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Los Angeles fuel magnate’s brother indicted on money laundering charges

The brother of Levon Termendzhyan, a Southern California fuel magnate who was convicted of defrauding the U.S. government in a renewable energy scam, has been indicted on charges of laundering millions in stolen money.

Grigor Termendjian was charged with money laundering, conspiring to commit money laundering and conspiring to defraud the federal government, records show. A grand jury in Salt Lake City handed up the indictment in March, and the case became public only recently.

Termendjian’s younger brother, who is also known as Lev Aslan Dermen, was sentenced last month to 40 years in prison. He was convicted in 2020 of conspiring with members of a Utah-based polygamist sect to claim tax credits for biofuel they never produced. The scheme fleeced the U.S. Treasury of about $511 million, much of which has not been recovered, prosecutors said.

About $133 million was sent to accounts in Turkey and Luxembourg held by Sezgin Baran Korkmaz, prosecutors said in the indictment against Termendjian. A businessman with ties to Turkish government officials, Korkmaz was arrested in Austria and extradited last year to Utah, where he has pleaded not guilty to charges of money laundering, wire fraud and witness tampering.

About half the money sent overseas — $63 million — was re-routed to U.S. accounts controlled by Termendjian and his brother, prosecutors alleged. The indictment charges that Termendjian, along with unnamed conspirators, sought to disguise the source of the money by misrepresenting the transfers as investments, loans and share purchases, drawing up phony paperwork to make the transactions appear legitimate.

Termendjian and his associates used the money to buy a waterfront home in Huntington Beach in 2015 and other assets such as an apartment building and heavy machinery, according to the indictment. In one instance, the document says, he used funds from an account he shared with his brother to purchase two cashier’s checks, $21 million and $20 million apiece, made payable to himself.

Termendjian has pleaded not guilty to money laundering and conspiracy charges. Unlike his brother, Termendjian was not detained and required only to surrender his U.S. and Armenian passports. Termendzhyan, however, was held without bail after prosecutors painted him as a flight risk with access to private planes and millions in overseas accounts.

Termendjian’s lawyer did not return a request for comment.

Before he was indicted, Termendjian was fending off the government’s effort to seize assets that prosecutors maintain were bought with stolen money: a $3.5-million mansion in Huntington Beach, a car wash in Van Nuys, an office building in Corona and a liquefied natural gas plant in the Mojave desert.

The plant, which Termendjian began building in 2011, would convert 100,000 gallons of natural gas a day into liquid form, his lawyer, Sam Meziani, wrote in court papers. It remains under construction.

Meziani said Termendjian sold his brother a 50% share in the project for $18 million in “good faith,” unaware of the “complex and well-hidden IRS fraud for which his brother was convicted.”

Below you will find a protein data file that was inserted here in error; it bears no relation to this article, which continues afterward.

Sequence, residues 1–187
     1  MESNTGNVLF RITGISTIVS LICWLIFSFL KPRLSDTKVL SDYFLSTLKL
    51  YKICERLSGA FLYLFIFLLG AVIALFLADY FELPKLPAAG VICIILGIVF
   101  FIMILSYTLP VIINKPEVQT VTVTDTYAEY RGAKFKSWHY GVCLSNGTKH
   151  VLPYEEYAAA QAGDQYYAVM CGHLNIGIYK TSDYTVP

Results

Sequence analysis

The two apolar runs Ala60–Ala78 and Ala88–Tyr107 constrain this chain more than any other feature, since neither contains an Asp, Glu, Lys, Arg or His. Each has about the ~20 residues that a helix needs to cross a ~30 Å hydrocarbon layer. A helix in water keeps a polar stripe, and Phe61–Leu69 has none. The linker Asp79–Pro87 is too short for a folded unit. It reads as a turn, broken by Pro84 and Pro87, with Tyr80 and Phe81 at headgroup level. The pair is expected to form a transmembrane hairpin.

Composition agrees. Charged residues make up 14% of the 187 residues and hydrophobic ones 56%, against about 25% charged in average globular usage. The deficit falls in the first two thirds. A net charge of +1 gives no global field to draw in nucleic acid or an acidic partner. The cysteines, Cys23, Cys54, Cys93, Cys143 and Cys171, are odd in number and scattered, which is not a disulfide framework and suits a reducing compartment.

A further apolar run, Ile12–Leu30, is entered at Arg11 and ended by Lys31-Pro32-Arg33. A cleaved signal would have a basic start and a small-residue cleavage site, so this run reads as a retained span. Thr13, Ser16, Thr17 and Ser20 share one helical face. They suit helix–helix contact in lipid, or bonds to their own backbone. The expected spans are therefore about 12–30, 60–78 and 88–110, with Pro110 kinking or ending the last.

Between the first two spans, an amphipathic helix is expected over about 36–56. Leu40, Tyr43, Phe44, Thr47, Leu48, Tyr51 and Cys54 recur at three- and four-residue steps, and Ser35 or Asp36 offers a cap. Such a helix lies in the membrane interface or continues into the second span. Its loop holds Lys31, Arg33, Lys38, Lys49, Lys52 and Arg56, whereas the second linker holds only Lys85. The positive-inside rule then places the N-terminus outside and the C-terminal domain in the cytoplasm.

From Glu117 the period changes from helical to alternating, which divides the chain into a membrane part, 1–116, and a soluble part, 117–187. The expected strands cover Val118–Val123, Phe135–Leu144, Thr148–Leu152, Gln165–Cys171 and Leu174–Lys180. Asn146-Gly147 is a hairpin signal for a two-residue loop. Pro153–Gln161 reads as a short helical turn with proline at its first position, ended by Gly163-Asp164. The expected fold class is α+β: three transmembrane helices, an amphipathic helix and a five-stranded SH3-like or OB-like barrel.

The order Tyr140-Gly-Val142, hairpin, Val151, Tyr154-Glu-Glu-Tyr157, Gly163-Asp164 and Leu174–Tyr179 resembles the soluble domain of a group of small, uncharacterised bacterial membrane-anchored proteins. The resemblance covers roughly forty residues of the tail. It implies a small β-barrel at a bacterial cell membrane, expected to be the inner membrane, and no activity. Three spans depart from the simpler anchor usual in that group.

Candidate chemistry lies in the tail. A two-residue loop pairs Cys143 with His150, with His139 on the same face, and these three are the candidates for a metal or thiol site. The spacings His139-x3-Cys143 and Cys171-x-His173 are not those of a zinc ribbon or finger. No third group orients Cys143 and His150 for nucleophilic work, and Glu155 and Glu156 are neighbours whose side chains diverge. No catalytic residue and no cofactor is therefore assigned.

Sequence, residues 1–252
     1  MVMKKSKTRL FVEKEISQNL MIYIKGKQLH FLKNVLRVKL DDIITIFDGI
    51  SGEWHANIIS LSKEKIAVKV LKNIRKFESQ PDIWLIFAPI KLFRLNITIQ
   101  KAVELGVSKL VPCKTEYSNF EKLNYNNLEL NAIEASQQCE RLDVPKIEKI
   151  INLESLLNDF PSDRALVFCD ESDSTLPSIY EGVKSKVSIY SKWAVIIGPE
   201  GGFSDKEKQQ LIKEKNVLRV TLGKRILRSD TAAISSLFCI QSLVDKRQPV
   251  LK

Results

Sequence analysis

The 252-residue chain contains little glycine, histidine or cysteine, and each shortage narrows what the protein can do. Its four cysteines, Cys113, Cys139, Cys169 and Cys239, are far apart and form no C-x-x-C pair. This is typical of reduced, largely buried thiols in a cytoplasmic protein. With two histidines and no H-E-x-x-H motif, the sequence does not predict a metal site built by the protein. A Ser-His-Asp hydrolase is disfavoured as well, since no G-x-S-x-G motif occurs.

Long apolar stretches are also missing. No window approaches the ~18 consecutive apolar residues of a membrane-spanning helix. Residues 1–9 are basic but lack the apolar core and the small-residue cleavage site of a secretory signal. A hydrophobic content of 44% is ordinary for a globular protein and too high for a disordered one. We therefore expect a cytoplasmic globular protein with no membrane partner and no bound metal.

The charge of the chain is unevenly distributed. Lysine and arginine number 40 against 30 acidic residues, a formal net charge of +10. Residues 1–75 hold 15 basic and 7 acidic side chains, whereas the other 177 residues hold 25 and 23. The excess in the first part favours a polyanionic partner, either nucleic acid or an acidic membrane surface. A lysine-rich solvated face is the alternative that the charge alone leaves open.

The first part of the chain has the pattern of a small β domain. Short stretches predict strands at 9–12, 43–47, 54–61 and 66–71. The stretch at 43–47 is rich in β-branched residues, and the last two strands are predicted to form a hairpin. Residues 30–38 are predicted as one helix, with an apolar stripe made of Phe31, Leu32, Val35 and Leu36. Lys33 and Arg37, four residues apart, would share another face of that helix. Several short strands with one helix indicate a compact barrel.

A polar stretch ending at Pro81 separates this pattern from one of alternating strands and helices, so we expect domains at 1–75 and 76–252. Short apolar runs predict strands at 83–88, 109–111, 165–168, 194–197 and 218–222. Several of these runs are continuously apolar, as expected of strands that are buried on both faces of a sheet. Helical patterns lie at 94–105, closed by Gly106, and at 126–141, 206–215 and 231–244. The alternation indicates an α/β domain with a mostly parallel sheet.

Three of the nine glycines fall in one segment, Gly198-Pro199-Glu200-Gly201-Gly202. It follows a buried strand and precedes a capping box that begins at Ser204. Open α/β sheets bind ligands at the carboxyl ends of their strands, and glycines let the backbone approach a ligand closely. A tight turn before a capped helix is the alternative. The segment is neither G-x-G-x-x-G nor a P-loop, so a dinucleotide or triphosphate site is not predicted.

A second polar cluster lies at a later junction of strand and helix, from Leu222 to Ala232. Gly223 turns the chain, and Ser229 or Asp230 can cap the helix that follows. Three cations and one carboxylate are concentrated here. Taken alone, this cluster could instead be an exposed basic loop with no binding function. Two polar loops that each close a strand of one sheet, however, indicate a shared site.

Meziani claimed Termendzhyan no longer has an interest in the facility. The brothers fell out in 2015, he wrote. No longer on speaking terms, Termendzhyan told their father at a birthday party for his mother the following year that he wanted out of the project. “In deference to his father,” Meziani wrote, Termendjian agreed to return his brother’s money.

Termendjian emigrated from Armenia with his family when he was 16, settling in Los Angeles, Meziani wrote. He got a job at a jewelry store before buying one of his own at 21, while helping his father run a gas station in Hollywood at night.

When Termendjian was 30, he and his brother were arrested by Internal Revenue Service agents on charges of pocketing taxes owed on diesel. The scheme allowed them to undercut legitimate vendors who were paying the excise tax, which made up as much as one-third of the price of fuel, officials said at the time.

The brothers were acquitted in that case. Termendzhyan would trade on its outcome, telling his associates he got off by paying the authorities overseeing his case a $10-million bribe, Leslie Goemaat, an assistant U.S. attorney, wrote in court papers.

His conspirators in the Utah-based fraud testified they sent millions to accounts under Termendzhyan’s control, believing they were purchasing the protection of what he called “the umbrella.”

No evidence has emerged to support Termendzhyan’s alleged claim of buying his way out of the tax case, but it is undisputed that he surrounded himself with corrupt law enforcement officials. Among them were John Saro Balian, a Glendale narcotics detective and the department’s former spokesman, and Felix Cisneros Jr., a Homeland Security Investigations agent. Both men were convicted of corruption-related offenses and sent to prison.

Before his brother was sentenced in April, Termendjian wrote in a letter to U.S. District Judge Jill N. Parrish that the two have not spoken in nearly eight years.

Despite their “differences,” Termendjian wrote, “I know that deep down he is a good person.”

This story originally appeared on LA Times

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